• Printer Friendly Version
  • Decrease Text SizeIncrease Text Size
  • PDF

Residential Rugs & Carpets Continue to Surge at Annual CCA Convention

At CCA Global’s annual convention, area rug sales and broadloom for the residential market continue to be in demand by the group’s retailers.

RugNews.com Editors
Rug and carpet buyers review new product samples
Don Karlin of Nourison walks Chris Adams of Value Carpet One Floor & Home, Salisbury, Maryland, through the latest introductions,
including it’s  Rug Boutique, a compact display for 100 rug designs designs. 

DENVER — Suppliers came out in force to Colorado for the CCA Global convention to showcase their latest offerings in broadloom and area rugs, a category that right now is surging on the residential side of the business. The mills met with several hundred retailers representing four groups, predominantly Carpet One Floor & Home and Flooring America, which have roughly 1,000 flooring stores in the U.S. combined.

RugNews.com tours the annual event and reports on what is trending with retailers at the convention and how manufacturers are adapting their offering to cater to changing needs.

For the first time in at least five years, Dalyn Rug Co. of Dalton, Georgia, returned to the CCA convention. Ashton Davis, the company’s regional vice president, said the rug mill went back to the drawing board to reconfigure its displays to meet the current needs of flooring retailers, many of whom have abandoned wing racks for space reasons. Dalyn offered three displays that take up only about 9 square feet. “We are excited to be back, we think the timing is right,” Davis said. “The reception has been phenomenal. The real draw for us is the number of SKUs you can merchandise, which in this case is over 1,000. Flooring retailers want displays that are efficient and cost effective. These displays pay for themselves with two rug sales.”

Davis added that rugs are the largest accessory category in home furnishings today. “Everyone is going to buy a rug.”

Dalyn Rugs’ Ashton Davis, regional vice president, showcases a reconfigure rug and carpet display designed for flooring retailers, who no longer employ wing racks.

Don Karlin, director of broadloom sales for Nourison, agreed that most consumers are in the market for a rug these days; it is just a question of where and how they are going to purchase them. Karlin has advice for the specialty flooring dealer. “I tell dealers all the time that if you don’t close the rug deal in your showroom you will lose the deal, and they will buy elsewhere. You have to close them while they are in your store.”

Nourison’s answer is its Rug Boutique, allows consumers to choose from 100 designs, styles, and colors ranging from traditional to contemporary. “For $500 you’re back in the rug business,” Karlin said. “The display takes up 6 feet in your showroom; for that, you are back in the rug business.”

Jeff Lerner, owner of Floorcraft Carpet One Floor & Home in San Francisco, was interested in rugs, either through a custom program or fabricated from broadloom. As he explained, “We do a lot of business in rugs, just not the old-fashioned way.” Like many, Lerner doesn’t have the space to merchandise thousands of rugs. Instead, he prefers sample programs or interactive kiosks that allow a customer to shop for rugs without having so much inventory.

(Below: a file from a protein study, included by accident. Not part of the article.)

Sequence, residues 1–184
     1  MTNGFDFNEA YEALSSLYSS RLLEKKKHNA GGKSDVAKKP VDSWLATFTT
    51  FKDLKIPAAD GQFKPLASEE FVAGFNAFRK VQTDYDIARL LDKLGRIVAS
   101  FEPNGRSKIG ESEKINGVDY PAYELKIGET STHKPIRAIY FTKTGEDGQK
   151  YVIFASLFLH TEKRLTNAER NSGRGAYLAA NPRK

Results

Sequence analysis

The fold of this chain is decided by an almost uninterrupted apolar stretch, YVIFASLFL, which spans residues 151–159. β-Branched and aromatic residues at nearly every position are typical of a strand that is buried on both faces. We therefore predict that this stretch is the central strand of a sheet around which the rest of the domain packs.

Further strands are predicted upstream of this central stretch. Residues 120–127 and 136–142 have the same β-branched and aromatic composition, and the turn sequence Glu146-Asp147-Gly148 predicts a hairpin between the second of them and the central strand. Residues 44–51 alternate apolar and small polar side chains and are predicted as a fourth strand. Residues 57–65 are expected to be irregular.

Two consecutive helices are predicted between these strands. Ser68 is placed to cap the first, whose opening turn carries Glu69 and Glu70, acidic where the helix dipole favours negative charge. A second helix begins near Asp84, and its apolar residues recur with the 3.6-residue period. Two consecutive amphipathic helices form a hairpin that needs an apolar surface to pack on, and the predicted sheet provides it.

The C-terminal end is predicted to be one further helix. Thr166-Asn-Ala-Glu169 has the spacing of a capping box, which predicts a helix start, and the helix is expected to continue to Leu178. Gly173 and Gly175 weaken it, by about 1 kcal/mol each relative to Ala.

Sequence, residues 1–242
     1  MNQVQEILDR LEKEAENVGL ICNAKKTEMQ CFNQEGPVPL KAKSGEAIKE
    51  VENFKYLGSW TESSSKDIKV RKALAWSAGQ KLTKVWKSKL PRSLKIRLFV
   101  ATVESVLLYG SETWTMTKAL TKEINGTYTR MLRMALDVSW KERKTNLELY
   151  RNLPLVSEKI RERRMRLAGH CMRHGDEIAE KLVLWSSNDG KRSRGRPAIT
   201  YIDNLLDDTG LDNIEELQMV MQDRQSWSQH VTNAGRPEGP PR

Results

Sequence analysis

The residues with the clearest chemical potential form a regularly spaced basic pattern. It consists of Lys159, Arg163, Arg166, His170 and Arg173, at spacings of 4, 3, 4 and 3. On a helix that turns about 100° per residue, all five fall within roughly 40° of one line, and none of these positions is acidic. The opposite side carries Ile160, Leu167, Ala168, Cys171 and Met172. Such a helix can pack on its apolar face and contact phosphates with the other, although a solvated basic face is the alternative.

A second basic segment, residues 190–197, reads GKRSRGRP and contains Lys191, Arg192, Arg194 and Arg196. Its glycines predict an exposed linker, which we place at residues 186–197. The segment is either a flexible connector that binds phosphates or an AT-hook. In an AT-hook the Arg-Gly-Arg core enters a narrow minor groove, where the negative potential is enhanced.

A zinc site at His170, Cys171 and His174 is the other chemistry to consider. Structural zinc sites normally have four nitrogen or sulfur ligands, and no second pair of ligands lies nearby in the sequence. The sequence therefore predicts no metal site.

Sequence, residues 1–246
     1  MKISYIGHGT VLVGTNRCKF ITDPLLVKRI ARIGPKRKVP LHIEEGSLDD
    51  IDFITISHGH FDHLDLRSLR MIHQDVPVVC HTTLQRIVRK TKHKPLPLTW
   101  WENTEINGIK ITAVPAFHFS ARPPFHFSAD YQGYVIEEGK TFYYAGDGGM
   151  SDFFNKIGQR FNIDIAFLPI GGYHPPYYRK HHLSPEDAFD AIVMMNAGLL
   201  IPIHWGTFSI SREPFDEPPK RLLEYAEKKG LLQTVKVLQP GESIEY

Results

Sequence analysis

Considering this trend, Karastan’s rug kiosk continues to be a big hit, with 175 retailers on board. “Every dealer should have one,” Sarah Higgins, owner of Higgins Carpet One Floor & Home, South Portland, Maine, said as she toured the Karastan booth.

Jimmy Gentry of Mohawk (left) meets with Dee Campbell and Sarah Higgins of Higgins Carpet One Floor & Home, South Portland, Maine.

With the interactive kiosk, which offers more than 30 collections, consumers can filter selection by collection, style, fiber, color and/or size and view multiple high-resolution photos of every product. The display also provides large samples of every rug, so that customers can get an up-close look and feel.

“For those who don’t have the room for area rugs the kiosk is the space saver,” said Jimmy Gentry, business manager for Mohawk, who met with retailers to explain the attributes of the Karartan kiosk. “However, you don’t have to buy the kiosk to be in the program.”

At CCA, Kaleen unveiled Hook & Beam, which company executives heralded for its high-quality machine-made constructions offering a faster production line. All the products can be made into rugs. “Hook & Beam has had a 100 percent close rate at this show — everyone who has seen it has purchased it,” said Blake Dennard, senior vice president.

Kaleen’s Blake Dennard (right) walks Tracy Herron of Dave Herron & Sons Carpet One Floor & Home, Durant, Oklahoma, through the new Hook&Beam program.

With Hook & Beam, Dennard said the company wanted to create something unique and new to the industry. Dennard singled out the Circular Knit machine, which he likened to a large sock or hosiery machine (“on steroids”) which is a first to be used to weave broadloom carpeting. “Hook & Beam is off to a great start. We are trying to come up with completely unique product assortments within our three divisions.”

Dennard noted that Kaleen has had success with its simple rug pricing: length x width x squar feet. “You don’t need a rug calculator for this,” he said.

The Dixie Group was yet another exhibitor at CCA that showed off various broadloom and wall to wall offerings that in many instances will become rugs. That’s according to former Couristan executive Len Andolino who joined Dixie earlier this year to become VP of the decorative division in charge of the Fabrica and Masland brands. “Our customers have reached out to us and want another resource for their needs,” Andolino said. “And ours is an in-stock program.”
trans-ocean ad spot hri rugs